WHO advises against using survivor’s plasma to treat new coronary pneumonia
Experts from the World Health Organization recommended on Tuesday not to use plasma from people who have recovered from COVID-19 as a method of treating patients with the disease, saying there is no evidence that expensive and time-consuming blood transfusions are effective in preventing serious illness or death.
According to the WHO, based on the results of 16 trials involving more than 16,000 patients with varying degrees of coronavirus infection, guidelines against the use of convalescent plasma (a blood component rich in antibodies) have been published in the British Medical Journal.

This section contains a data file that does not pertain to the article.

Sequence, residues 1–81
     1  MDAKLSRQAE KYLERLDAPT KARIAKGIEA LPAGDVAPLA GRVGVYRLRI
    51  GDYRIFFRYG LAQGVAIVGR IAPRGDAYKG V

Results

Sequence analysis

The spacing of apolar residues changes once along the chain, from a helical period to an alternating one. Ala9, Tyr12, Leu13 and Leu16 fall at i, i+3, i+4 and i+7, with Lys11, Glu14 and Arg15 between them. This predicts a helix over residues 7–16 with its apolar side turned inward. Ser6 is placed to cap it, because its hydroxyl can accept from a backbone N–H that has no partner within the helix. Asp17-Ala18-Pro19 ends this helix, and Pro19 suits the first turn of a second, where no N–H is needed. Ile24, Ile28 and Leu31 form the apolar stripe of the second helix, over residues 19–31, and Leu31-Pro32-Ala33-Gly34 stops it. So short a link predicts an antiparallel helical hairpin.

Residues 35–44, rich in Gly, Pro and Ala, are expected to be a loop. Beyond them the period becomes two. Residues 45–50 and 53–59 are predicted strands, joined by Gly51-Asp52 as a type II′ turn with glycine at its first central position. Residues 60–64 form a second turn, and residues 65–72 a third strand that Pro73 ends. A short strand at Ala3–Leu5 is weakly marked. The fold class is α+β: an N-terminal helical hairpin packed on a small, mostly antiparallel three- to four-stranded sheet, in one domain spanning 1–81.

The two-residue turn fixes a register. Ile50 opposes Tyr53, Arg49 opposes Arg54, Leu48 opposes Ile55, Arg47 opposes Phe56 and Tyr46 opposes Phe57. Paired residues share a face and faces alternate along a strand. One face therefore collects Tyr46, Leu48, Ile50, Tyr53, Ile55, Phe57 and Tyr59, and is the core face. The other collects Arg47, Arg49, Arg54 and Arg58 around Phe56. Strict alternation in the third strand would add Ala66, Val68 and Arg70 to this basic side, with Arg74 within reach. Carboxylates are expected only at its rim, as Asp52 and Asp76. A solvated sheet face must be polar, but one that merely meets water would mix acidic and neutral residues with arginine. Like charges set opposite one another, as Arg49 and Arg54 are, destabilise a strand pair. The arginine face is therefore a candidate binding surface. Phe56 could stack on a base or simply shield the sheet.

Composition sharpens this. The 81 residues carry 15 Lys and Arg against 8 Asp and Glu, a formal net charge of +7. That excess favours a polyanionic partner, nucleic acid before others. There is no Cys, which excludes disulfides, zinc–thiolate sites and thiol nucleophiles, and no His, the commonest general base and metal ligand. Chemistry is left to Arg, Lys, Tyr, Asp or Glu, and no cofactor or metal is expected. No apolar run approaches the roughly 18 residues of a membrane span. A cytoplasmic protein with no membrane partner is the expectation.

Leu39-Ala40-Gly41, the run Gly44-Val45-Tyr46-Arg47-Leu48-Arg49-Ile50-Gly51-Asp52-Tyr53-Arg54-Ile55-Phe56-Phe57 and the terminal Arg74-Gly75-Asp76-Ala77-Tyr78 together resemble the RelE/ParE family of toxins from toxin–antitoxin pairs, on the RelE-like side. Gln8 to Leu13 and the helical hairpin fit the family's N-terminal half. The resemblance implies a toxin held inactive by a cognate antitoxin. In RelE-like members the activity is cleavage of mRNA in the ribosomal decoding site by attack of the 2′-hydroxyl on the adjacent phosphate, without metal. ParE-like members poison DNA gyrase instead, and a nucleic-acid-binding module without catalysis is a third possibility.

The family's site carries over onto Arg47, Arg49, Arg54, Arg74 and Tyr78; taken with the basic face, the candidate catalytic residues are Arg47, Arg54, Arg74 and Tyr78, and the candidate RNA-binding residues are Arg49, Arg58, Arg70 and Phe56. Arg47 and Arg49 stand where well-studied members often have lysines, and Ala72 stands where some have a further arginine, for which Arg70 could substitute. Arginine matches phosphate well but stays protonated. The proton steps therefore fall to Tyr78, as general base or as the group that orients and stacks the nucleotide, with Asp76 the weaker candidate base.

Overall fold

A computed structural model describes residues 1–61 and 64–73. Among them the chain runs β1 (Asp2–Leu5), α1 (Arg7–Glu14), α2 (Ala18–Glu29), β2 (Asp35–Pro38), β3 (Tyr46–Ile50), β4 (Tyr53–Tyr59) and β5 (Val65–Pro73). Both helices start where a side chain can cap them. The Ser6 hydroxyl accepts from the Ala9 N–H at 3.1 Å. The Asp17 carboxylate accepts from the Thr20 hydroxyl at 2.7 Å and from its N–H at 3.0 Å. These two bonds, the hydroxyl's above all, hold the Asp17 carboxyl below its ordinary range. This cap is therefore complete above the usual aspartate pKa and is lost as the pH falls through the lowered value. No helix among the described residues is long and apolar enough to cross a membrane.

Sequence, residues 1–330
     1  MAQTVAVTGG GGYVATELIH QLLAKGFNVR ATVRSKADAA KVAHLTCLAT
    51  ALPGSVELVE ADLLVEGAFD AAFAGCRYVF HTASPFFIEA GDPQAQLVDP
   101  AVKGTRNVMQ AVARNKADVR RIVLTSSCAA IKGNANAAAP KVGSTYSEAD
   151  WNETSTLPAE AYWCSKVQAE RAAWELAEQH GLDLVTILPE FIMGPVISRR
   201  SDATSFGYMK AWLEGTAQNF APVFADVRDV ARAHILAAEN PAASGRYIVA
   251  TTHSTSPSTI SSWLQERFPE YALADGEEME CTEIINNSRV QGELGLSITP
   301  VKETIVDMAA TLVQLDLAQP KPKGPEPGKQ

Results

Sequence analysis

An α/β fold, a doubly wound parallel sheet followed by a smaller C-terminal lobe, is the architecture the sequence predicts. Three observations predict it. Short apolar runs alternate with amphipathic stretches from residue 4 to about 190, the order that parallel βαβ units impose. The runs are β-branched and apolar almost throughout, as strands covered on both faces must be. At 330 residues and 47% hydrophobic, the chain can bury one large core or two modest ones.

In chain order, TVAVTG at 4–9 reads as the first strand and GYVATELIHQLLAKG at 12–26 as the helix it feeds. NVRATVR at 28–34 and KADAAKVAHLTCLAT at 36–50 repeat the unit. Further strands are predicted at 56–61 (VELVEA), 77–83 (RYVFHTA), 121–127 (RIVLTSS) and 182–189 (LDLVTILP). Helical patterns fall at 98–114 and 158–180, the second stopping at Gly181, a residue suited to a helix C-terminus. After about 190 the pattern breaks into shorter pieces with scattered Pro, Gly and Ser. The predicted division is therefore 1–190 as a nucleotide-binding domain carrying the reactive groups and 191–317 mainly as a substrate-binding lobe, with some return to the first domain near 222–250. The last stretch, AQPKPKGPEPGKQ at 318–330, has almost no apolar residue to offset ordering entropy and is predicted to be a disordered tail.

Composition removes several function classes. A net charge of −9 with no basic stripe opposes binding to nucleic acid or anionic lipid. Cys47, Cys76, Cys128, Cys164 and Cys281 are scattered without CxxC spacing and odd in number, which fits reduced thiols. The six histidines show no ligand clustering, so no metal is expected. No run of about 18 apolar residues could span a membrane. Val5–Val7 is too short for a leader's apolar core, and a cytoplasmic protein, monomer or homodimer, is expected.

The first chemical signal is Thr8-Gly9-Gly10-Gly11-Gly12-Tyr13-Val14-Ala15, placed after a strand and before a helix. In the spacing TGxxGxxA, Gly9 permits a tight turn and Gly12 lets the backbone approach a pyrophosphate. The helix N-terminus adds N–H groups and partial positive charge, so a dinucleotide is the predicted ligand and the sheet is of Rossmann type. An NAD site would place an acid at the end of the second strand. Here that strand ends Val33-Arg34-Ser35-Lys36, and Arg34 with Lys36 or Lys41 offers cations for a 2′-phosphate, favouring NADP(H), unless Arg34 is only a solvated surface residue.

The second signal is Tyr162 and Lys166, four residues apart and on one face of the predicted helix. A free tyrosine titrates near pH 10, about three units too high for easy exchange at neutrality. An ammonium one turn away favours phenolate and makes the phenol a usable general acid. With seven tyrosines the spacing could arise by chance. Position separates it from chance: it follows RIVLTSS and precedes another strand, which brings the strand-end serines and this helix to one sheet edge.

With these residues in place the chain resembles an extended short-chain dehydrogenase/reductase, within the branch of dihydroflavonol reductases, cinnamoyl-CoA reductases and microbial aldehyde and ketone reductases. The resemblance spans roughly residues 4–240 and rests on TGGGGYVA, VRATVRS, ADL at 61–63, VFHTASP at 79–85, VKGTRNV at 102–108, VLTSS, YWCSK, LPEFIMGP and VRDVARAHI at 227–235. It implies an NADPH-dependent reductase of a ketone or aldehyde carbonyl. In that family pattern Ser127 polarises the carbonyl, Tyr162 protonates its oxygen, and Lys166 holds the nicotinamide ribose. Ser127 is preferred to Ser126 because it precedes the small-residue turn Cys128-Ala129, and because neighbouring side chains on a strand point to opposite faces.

In announcing the recommendations of an international expert group, the United Nations health agency said: “Despite the initial hope, current evidence shows that it will not improve survival rates, nor will it reduce the need for mechanical ventilation, and it is costly and time-consuming to manage. .” Regarding the development of guidelines.
“Therefore, the WHO strongly recommends not to use convalescent plasma in non-critically ill patients, and recommends not to use it in critically ill and critically ill patients, except in the case of randomized controlled trials,” the WHO said.
The expert group stated in an 81-page study that “no obvious benefit to key results”, such as the need for mechanical ventilation-ventilator-or the death of COVID-19 patients.
The WHO previously weighed other COVID-19 treatments, such as recommending some steroids to severe or critically ill patients, and recommending against the use of the antiparasitic drug ivermectin and the malaria drug hydroxychloroquine.